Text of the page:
9. Why do you write, as opposed to doing anything else?

I write because I can. And because I can I want to become better at it.

10. What would you say to someone who asked you “How do you become a writer?”

Write. Just write. I imagine this is a common answer but it’s no less true because of that. It’s the answer I give to children who say they want to write. There is nothing stopping you from becoming a writer. You don’t need permission to be one any more than you need permission to breathe. Write. If you are asking “How do I sell my writing, or make a living from it” then that answer is much harder but still begins with “write”. The better you become, the more you write, the greater the chance there is of earning some money from your work. It’s difficult and there are no fixed paths to earning a living as a writer but the one thing that is guaranteed to prevent you is not writing. So write.

11. Tell me about the writing projects you have on at the moment.

I’ve just finished a collection of poems called This Rock That Rock which is due out at the beginning of March (2020). I did that with the incredible artistic talent of Viviane Schwarz and I want everyone to buy a copy. I really do. I’m so proud of it and feel it is a good thing to put out into the world. I’ve also got another book out this year but I can’t say anything about that here. And of course, I’m writing more. More poetry, more stories, more things which delight me.

12. I love how the poems work in tandem with the illustrations.

That’s ALL thanks to Viviane Schwarz. The process of illustrating the book was extraordinary. Viviane has the most remarkable ability to shapeshift into the words, inhabiting them in a manner that makes it difficult to see where the two sides of this book start and end. It’s no longer as easy to say there are poems and pictures because the pictures are poems and vice versa. Viviane even helped the word parts of the poems to change, as I found myself wanting to re-write in response to her insights and style choices.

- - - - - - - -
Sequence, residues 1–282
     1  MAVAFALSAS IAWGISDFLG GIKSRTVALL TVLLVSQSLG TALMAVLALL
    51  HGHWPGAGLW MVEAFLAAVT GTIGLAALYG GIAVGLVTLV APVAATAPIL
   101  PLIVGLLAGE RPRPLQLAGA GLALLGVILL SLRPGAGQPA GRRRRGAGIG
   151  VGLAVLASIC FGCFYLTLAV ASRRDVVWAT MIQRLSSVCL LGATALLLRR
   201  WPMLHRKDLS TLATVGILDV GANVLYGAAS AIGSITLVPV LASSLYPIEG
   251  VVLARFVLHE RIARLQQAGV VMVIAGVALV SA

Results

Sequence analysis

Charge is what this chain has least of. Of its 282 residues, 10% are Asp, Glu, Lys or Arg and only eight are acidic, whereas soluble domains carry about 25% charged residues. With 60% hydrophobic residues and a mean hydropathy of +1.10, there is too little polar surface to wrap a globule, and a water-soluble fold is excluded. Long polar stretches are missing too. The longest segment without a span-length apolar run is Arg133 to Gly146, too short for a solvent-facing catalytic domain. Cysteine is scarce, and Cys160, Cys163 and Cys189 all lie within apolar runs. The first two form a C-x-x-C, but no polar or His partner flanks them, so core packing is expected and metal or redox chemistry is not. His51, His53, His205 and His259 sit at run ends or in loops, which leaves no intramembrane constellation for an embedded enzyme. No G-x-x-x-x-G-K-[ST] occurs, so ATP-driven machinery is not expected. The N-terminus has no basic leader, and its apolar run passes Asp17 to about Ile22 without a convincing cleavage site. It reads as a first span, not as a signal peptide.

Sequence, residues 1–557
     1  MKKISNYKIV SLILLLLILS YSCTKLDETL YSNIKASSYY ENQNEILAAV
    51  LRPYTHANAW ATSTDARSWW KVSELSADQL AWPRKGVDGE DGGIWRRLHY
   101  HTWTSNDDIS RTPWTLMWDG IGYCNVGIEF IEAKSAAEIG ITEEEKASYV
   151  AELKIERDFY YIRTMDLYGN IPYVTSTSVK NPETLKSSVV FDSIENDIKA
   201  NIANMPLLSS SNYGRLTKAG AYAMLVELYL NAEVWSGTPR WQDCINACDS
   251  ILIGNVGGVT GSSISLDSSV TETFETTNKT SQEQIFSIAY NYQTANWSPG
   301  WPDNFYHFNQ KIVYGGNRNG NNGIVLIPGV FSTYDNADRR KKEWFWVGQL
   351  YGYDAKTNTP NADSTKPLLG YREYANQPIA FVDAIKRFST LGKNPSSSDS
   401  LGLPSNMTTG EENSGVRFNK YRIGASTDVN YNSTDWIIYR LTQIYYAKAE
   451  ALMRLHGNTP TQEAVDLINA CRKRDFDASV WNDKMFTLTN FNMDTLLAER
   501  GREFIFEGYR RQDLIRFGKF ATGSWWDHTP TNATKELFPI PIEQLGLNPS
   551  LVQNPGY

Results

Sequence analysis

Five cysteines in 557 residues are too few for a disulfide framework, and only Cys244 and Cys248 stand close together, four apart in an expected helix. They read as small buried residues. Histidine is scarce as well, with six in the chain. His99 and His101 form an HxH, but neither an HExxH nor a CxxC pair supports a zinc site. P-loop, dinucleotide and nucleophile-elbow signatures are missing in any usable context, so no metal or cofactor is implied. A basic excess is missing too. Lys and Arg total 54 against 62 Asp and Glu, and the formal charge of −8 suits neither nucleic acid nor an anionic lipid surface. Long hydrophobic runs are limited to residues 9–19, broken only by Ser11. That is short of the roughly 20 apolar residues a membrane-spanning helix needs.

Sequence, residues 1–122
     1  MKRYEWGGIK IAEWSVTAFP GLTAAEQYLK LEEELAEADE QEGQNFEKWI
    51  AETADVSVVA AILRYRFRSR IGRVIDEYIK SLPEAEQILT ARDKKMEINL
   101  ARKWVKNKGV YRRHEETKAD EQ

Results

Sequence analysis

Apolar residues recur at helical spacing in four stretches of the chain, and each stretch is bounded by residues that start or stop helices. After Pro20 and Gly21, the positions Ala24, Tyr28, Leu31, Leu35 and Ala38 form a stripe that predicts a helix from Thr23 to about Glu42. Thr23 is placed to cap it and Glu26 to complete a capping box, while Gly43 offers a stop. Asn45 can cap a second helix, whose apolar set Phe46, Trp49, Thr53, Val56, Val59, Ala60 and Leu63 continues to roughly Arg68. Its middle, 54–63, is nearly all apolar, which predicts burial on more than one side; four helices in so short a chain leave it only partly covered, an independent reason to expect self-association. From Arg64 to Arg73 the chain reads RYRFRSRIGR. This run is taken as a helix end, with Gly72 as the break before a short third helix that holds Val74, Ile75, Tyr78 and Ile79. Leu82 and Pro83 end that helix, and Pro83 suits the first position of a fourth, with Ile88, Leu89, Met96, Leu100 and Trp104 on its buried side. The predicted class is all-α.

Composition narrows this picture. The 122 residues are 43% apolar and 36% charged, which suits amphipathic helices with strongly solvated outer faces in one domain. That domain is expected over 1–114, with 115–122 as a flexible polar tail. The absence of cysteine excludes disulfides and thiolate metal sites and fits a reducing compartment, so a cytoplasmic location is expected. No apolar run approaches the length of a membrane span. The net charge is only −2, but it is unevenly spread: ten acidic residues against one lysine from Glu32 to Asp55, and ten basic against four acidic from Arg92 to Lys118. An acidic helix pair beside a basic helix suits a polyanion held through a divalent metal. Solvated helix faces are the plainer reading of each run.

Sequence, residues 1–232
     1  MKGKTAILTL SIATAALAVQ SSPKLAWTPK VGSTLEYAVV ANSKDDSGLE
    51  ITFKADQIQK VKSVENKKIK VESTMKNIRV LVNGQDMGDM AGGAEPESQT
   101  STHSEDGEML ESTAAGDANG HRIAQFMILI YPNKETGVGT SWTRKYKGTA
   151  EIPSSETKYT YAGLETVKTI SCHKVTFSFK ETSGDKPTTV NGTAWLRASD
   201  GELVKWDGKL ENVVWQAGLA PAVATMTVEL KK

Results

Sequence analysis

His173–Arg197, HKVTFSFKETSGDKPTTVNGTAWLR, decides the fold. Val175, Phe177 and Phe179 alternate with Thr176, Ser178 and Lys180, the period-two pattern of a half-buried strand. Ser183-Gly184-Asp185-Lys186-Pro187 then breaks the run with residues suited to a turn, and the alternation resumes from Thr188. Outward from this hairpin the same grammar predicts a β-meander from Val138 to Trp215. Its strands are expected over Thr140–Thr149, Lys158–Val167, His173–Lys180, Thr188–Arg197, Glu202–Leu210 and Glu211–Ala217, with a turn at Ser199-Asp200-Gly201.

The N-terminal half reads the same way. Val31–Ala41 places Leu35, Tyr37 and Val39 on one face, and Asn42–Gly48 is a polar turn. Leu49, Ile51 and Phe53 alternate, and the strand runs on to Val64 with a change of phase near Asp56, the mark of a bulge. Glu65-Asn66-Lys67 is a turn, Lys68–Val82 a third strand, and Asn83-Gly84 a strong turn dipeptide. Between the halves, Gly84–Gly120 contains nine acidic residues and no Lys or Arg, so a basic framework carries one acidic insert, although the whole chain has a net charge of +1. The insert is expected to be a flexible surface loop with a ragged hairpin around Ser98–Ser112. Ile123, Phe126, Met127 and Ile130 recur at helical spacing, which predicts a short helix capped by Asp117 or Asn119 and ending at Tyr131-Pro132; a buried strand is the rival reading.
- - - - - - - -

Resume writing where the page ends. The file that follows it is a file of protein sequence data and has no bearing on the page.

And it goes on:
13. In that sense the poem and picture together become a poster that can be copied from the book and put on a wall.


I began to create a series of postcards to help promote the book and as I did I saw how this book could be accessed in different ways. It took me back to how Viviane made a box and put each poem in it on its own piece of paper. She would reach in, take a single poem out, and carry that in her day until she knew what needed to be done.

14. In your introduction you spend as much time extolling the delights of poetry as you do the moon.

Isn’t reality incredible? The Moon, a river, a laugh. It’s all a delight. Poetry is the only way I know to show my incredulity and joy in a way that intensifies it.

15. How do you find the form to suit the poem? I’m thinking of the first poem which is like an Anglo-Saxon riddle.

It is an Anglo-Saxon riddle! That is made using kennings, one of my favourite poetry tools.

Sometimes the rhythm of a phrase dictates the form. Sometimes I know I want to represent ideas in a formal way (so I might choose a sonnet for that). I like to see where the idea takes me and usually that helps me find the form. There is a ghazal in the book which is a very old form of Arabic poetry. It took a great deal of research and I was grateful to an archaeologist called Rizwan Safir who told me about Ahmad Ibn Majid, a medieval navigator. Ibn Majid wrote about the relationship between Muslims and an understanding of the Moon—particularly when it comes to celebrating Eid ul Fitr and Eid ul Adha which rely on the sighting of a new moon (that’s when the moon is dark). Rizwan’s patience helped me to gain a small insight into the rich heritage of Arabic science and I tried to represent that through the ghazal.

16. How did the moon help you cope with the mysteries of the human heart, like grief?

The Moon is meditative. It’s a focus away from anything happening down on this planet and by looking up I am lifting myself away. I don’t need to think about grief or worries because the Moon helps me to reach a state of calm in which my unconscious brain does all the heavy lifting. Try it. Slip behind your curtains at night and look, or pause in the street and look up at the Moon during the day. It’s the full stop before the next sentence, the light at the end of the tunnel.